Networking

States battle FCC Internet phone ruling

Minnesota and California to appeal federal regulatory ruling that bars them from taxing Net phone service providers.

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By Ben Charny
CNET News.com

Minnesota utility regulators will try to overturn a recent federal decision barring states from imposing many of their telecommunications regulations on Internet phone providers, a sign states haven't backed down from their fight to lord over this new, cheaper breed of phone service.

Burl Haar, executive secretary of the Minnesota Public Utilities Commission, said Tuesday the commission is acting chiefly out of concern over whether Vonage and others Net phone providers can offer emergency 911 calling, which only a few elite operators are capable of providing. "There is a lot of uncertainty about how that will be resolved," Haar said.

Minnesota is the second state, so far, to decide to appeal the Federal Communications Commission's November decision, which was hailed as a victory for providers of the relatively new commercial phone service using voice over Internet Protocol (VoIP). In late December, California utility regulators filed an appeal of the decision in the 9th U.S. Circuit Court of Appeals. The Minnesota filing will take place within the 8th U.S. Circuit Court of Appeals.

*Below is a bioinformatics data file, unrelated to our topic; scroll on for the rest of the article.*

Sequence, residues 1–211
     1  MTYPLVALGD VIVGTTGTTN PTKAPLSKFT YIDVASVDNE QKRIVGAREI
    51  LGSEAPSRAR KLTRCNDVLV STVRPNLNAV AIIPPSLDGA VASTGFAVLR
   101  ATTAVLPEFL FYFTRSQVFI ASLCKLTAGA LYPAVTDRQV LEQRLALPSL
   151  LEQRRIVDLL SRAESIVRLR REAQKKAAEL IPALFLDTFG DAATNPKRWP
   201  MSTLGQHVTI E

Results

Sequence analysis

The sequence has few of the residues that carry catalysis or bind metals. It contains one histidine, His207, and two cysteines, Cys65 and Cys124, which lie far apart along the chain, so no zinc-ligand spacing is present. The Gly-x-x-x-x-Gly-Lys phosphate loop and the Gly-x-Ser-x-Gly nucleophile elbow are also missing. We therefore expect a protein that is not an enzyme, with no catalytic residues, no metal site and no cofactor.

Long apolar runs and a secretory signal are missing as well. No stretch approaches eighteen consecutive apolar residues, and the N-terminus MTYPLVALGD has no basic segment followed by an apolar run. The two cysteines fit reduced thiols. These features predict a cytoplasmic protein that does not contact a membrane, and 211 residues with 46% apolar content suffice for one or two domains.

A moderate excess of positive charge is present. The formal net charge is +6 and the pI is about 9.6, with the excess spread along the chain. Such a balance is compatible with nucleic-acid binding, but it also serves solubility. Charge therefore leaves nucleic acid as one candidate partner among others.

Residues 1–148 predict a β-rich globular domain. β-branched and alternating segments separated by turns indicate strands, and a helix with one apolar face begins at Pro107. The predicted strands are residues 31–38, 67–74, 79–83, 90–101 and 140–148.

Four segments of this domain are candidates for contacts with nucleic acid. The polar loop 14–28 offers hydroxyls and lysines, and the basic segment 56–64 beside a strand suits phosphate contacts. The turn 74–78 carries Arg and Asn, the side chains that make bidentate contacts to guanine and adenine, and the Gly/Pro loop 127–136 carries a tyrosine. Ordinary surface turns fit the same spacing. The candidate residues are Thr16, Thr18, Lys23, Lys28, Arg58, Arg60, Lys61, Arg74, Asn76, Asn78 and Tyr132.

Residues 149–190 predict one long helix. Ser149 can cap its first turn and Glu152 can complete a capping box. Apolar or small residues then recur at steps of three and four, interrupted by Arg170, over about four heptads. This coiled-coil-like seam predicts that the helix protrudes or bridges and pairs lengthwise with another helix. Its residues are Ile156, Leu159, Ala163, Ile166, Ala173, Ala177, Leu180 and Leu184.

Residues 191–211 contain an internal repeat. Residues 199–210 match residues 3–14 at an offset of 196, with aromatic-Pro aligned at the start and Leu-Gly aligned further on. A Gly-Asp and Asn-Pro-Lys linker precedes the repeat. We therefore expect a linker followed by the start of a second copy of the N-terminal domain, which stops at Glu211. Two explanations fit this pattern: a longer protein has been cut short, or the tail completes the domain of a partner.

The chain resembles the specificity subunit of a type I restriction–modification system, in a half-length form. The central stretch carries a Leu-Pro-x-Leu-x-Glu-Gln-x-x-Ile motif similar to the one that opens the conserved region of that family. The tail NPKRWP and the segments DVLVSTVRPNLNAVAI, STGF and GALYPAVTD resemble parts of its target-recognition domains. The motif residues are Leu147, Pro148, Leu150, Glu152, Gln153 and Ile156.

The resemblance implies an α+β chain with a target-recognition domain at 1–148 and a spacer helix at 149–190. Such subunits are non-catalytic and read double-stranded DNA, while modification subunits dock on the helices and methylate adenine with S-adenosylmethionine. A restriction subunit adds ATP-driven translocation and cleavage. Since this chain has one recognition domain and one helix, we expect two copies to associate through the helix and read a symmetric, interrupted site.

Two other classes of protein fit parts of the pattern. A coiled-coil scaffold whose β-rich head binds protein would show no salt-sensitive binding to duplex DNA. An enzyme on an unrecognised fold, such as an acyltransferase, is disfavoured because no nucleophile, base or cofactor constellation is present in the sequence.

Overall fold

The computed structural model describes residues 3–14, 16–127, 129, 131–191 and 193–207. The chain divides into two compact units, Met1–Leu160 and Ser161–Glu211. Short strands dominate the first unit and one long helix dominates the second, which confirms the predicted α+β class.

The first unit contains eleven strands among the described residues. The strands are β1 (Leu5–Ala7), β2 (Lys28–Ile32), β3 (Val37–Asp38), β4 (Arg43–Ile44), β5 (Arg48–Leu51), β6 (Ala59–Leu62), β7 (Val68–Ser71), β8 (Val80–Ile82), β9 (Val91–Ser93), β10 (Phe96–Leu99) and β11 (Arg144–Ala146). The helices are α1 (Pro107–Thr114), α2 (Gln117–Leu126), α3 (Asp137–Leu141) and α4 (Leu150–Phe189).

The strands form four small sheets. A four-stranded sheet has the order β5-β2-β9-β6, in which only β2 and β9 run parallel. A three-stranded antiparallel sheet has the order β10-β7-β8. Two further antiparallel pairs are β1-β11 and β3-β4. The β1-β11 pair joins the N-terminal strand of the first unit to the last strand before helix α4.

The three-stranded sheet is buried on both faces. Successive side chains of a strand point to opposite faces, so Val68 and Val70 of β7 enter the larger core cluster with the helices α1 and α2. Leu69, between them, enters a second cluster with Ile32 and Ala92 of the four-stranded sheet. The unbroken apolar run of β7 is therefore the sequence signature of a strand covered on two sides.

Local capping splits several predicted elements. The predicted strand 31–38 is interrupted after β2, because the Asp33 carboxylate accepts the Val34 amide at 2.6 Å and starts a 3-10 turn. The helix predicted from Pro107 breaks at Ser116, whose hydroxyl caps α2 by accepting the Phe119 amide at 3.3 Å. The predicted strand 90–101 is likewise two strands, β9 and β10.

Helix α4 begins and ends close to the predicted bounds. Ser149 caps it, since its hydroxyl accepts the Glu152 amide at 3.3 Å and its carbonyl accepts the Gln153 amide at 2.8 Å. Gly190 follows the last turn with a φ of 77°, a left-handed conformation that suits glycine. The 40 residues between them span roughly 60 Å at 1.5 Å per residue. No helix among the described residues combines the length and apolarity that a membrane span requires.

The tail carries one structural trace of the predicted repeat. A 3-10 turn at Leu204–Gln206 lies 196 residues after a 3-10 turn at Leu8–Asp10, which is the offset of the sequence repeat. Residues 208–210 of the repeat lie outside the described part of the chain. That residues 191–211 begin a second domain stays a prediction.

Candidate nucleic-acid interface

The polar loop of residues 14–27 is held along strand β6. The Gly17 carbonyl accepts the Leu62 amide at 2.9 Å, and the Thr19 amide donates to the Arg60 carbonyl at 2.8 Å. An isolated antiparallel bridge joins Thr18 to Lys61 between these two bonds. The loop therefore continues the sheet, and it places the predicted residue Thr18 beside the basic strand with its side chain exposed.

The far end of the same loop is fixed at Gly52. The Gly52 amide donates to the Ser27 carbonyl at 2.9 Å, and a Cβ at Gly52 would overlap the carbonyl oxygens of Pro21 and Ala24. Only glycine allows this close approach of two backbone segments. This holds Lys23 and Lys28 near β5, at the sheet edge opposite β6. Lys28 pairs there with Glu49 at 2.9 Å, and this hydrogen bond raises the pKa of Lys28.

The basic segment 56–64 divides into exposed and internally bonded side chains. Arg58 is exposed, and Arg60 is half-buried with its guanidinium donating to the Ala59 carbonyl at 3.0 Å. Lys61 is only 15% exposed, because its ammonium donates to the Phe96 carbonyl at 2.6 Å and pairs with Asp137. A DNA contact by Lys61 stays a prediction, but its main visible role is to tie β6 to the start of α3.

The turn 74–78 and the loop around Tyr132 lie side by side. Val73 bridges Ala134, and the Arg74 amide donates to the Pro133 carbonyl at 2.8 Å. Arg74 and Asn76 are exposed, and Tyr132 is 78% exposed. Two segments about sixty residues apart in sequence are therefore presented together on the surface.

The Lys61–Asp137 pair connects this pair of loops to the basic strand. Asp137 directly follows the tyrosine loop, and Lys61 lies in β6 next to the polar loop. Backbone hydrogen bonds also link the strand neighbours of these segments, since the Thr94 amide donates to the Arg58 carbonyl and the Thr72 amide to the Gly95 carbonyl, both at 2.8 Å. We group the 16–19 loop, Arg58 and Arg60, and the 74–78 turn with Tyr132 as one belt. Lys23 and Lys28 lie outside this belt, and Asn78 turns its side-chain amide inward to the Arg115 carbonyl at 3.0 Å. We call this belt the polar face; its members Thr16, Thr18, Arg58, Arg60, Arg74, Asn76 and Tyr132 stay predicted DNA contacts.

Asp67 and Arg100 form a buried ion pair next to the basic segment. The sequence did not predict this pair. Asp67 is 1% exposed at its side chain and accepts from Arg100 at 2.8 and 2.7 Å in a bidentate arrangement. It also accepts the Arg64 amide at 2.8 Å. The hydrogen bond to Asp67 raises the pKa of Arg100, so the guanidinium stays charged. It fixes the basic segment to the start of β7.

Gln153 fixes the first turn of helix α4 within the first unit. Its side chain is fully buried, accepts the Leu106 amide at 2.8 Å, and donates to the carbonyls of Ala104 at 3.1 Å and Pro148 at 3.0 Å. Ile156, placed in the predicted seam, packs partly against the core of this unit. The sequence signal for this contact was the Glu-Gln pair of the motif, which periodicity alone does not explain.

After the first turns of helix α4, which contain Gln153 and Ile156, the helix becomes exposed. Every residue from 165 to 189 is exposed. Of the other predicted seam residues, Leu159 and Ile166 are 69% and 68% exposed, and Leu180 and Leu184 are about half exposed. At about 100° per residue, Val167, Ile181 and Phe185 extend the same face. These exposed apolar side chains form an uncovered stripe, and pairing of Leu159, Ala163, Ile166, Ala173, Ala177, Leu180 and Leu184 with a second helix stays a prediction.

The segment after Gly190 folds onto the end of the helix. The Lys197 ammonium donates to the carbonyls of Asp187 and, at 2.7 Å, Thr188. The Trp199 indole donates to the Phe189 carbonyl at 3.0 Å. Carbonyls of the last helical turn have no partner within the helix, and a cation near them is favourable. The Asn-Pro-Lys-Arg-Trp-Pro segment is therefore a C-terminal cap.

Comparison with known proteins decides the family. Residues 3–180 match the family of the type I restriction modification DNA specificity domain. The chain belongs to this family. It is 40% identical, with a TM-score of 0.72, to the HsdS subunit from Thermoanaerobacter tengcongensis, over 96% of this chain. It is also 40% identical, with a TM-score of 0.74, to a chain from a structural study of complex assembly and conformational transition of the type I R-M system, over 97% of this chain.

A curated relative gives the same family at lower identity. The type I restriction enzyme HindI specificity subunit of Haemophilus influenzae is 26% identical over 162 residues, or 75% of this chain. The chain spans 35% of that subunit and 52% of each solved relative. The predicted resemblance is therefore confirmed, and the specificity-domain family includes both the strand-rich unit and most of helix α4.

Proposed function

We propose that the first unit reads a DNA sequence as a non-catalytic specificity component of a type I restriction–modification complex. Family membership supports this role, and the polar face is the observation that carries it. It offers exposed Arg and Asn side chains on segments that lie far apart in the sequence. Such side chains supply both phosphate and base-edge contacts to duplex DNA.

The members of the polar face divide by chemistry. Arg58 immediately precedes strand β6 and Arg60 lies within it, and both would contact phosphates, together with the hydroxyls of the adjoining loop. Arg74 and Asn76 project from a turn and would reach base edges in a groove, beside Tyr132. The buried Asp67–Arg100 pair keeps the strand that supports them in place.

States fear that more calls travel over the unregulated Net will mean fewer over the heavily taxed regular telephone network—reducing tax revenue that supports crucial public services, such as rural phone expansion and emergency call services. The FCC and VoIP providers counter that a very light regulatory approach is needed to coddle the developing industry.

Vonage, which asked the FCC for just such a designation in May, plus Verizon Communications, AT&T and dozens of other commercial Internet providers, have so far enjoyed limited regulation. This lets them charge up to 50 percent less for unlimited phone calls than their chief competitors, the four regional Bell operating companies. Additional regulation would crush the young industry, these operators claim.

By most estimations, VoIP dialing, which requires a special phone adapter and a broadband connection, will one day become the predominant way a phone call is made, given that its not only cheaper, but comes with features that traditional phone services can't match. Telephone providers already use VoIP to cut down on their own costs, and use is expected to explode from the current 1 million U.S. subscribers to about 18 million by 2008.

Jeff Citron, Vonage chief executive, on Tuesday all but predicted Vonage will prevail not only in California and Minnesota, but also in New York, where a federal judge temporarily barred regulators from forcing Vonage to follow telephone rules, and will rehear the matter later this month.

There may be only one question left to settle, to hear Citron tell it.

"When will states call it quits?" he said.

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